Amid Haiti’s turmoil, Garry Conille named Prime Minister

Haiti finds itself in the throes of political turmoil as a nine-member council overseeing the country’s transition selects Garry Conille as its next prime minister. This decision, announced on Tuesday, unfolds against a backdrop of escalating gang violence gripping much of the capital, Port-au-Prince.

Conille’s return to the role of prime minister is not unprecedented. He previously served a brief tenure from October 2011 to February 2012 but resigned following clashes with then-President Michel Martelly. Now, Conille steps in to replace interim Prime Minister Michel Patrick Boisvert, who assumed office after the resignation of Ariel Henry in late April.

Garry Conille

The process of appointing a new prime minister has been fraught with challenges, marked by false starts and controversy. Since the assassination of President Jovenel Moise in July 2021, Haiti has grappled with political instability, compounded by the failure to conduct federal elections. Henry, appointed as an unelected official just days before Moise’s assassination, served as acting president but failed to organize a vote to replace Moise, exacerbating tensions.

In the absence of legitimate governance, gangs have capitalized on the power vacuum, seizing control over vast swathes of Port-au-Prince, including critical transportation arteries. The resulting violence has displaced hundreds of thousands of Haitians, with over 1,500 deaths and countless injuries reported in the first quarter of 2024 alone.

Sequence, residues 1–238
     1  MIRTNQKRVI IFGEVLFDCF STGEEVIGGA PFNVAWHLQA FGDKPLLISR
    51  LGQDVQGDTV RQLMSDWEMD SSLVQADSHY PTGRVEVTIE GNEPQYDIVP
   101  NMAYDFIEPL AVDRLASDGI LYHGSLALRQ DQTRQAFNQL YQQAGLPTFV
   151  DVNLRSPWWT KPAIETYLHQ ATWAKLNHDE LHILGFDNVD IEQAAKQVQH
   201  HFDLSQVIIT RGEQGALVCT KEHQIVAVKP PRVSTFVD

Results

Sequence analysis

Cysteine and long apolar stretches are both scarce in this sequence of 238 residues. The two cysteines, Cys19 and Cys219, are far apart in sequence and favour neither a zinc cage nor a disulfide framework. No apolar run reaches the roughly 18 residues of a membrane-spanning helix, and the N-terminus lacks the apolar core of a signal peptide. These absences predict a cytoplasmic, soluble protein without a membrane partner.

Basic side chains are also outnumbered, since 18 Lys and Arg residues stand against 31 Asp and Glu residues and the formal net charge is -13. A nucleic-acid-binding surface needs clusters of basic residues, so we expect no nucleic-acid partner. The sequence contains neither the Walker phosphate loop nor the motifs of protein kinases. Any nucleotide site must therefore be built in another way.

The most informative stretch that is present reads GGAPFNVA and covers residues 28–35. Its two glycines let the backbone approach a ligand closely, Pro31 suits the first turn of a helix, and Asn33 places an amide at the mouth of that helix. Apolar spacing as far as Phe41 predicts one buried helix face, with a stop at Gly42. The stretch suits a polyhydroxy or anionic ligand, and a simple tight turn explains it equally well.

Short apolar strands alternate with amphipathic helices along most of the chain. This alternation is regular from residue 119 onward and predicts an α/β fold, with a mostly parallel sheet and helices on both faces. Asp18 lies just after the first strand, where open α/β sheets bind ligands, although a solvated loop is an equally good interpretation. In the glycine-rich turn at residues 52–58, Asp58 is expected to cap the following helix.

In March, amid mounting pressure, Henry announced his decision to step down as prime minister. However, confusion and skepticism have shrouded the process of selecting his successor. Last month, a disputed decision to appoint former sports minister Fritz Belizaire as prime minister was swiftly retracted following allegations of procedural irregularities.

Conille’s appointment, secured by a six-to-one vote, raises hopes for stability in Haiti. His background as a regional director for UNICEF in Latin America underscores his commitment to humanitarian causes. However, questions linger regarding the transparency and legitimacy of the transitional council’s decision-making process.

Critics, including the Montana Accord, a Haitian civil society group, have voiced concerns over the council’s lack of transparency and accountability. Amid mounting suffering and escalating gang violence, calls for decisive action to restore stability resonate across Haiti.

Yet, challenges persist as gang leaders, such as Jimmy “Barbecue” Cherizier, express defiance towards the transitional council and its choices. As Haiti navigates this precarious transition, Conille’s appointment represents a pivotal moment in the country’s quest for political renewal and stability.